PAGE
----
James Moore: How much longer can this crumbling house of horrors stay in one piece?

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The Independent Online

Outlook Yes, Royal Bank of Scotland is facing a scandal (again). It's an IT snafu this time (another). And Ross McEwan, the chief executive, has said he's very sorry (again) while describing it as "unacceptable". In that he's aping Supernanny Jo Frost, the Channel 4 childcare "specialist", whom it was at one time impossible to avoid. Sadly, it seems it will take more than the ubiquitous Ms Frost and her patented naughty step to turn this recalcitrant child around.

The trouble with IT glitches is that they almost always get worse before they get better. Distressed RBS customers duly took to the airwaves and the web to tell a series of horror stories that demonstrated this. One even reported that their salary had vanished. That was a little ungrateful of them. After all, it is bonus time at RBS and the bank does have to find the £500m it wants to shower on its top staff from somewhere. Don't customers realise these people have third homes to finance?

Fear not, the bank says, we'll compensate anyone for any losses incurred. But does that pledge cover a customer losing out on a one-off cyber Monday offer on a new laptop? As Mr McEwan noted, his retail bank has suffered from years of underinvestment in IT. It could do with more than a few new laptops. His problem is this: why should customers put up with these failures while he gets them fixed? Switching bank accounts is a pain, but this may serve as the final straw for many.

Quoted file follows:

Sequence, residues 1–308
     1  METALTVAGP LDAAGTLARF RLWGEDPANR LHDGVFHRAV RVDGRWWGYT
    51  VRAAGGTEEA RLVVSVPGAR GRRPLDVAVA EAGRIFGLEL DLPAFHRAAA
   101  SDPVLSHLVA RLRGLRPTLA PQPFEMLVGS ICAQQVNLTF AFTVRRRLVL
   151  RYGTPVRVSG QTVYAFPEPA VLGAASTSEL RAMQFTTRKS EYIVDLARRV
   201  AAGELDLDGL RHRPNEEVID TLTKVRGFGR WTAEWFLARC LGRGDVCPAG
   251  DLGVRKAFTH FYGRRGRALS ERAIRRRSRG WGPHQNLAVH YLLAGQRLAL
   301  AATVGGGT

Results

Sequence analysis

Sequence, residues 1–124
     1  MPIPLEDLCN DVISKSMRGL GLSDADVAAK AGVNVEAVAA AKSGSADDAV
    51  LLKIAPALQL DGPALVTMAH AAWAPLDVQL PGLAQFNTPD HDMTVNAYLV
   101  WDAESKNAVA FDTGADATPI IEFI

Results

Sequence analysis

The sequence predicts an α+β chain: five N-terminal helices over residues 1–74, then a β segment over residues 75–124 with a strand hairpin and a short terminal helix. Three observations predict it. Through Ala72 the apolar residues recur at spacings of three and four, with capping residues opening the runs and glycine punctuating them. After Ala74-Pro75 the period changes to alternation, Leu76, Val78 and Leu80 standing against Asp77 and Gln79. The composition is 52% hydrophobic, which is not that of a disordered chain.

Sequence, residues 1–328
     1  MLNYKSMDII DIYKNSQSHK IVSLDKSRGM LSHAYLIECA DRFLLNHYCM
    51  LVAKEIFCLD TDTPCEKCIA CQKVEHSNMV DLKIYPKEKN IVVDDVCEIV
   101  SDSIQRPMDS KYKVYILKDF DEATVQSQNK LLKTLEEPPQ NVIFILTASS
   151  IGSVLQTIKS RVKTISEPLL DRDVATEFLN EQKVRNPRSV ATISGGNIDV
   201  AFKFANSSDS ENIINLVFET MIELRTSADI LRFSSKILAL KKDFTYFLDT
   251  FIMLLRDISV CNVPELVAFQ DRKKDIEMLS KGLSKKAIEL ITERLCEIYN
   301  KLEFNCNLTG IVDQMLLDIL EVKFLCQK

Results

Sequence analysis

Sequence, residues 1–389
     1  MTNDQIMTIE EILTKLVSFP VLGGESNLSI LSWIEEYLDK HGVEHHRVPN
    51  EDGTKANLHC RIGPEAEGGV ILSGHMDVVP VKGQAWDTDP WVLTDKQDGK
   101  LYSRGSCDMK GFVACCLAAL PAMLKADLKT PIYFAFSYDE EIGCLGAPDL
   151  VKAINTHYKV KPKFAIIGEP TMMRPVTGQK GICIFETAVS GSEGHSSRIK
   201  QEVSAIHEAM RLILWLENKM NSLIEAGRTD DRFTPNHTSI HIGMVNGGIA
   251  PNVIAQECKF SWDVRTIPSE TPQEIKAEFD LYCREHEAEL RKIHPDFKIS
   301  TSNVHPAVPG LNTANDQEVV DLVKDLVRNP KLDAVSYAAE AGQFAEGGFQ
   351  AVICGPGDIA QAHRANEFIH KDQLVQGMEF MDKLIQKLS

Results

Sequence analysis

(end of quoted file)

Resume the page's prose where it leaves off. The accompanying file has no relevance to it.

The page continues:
In the investment bank we've had the Libor scandal, with another one brewing in foreign exchange. In the commercial bank the Global Reconstruction Group is being investigated by almost every agency that investigates. Now, for the second time, the retail bank has a badly misfiring IT system.

Next time you hear a chairman trying to justify a grotesque pay package by talking about how wonderful their CEO is and how hard "top business talent" is to find, it is worth remembering that those arguments were deployed to defend the enormous sums handed to Fred Goodwin, the man who built this shop of horrors.

The real question now is whether RBS in its current form can ever become something like a functional bank? Or might we be better knocking over its crumbling edifice and then breaking it up before it collapses in front on us? A group of investment bankers hired by the Government to get the answer it wanted recommended against that. Perhaps their work should be revisited.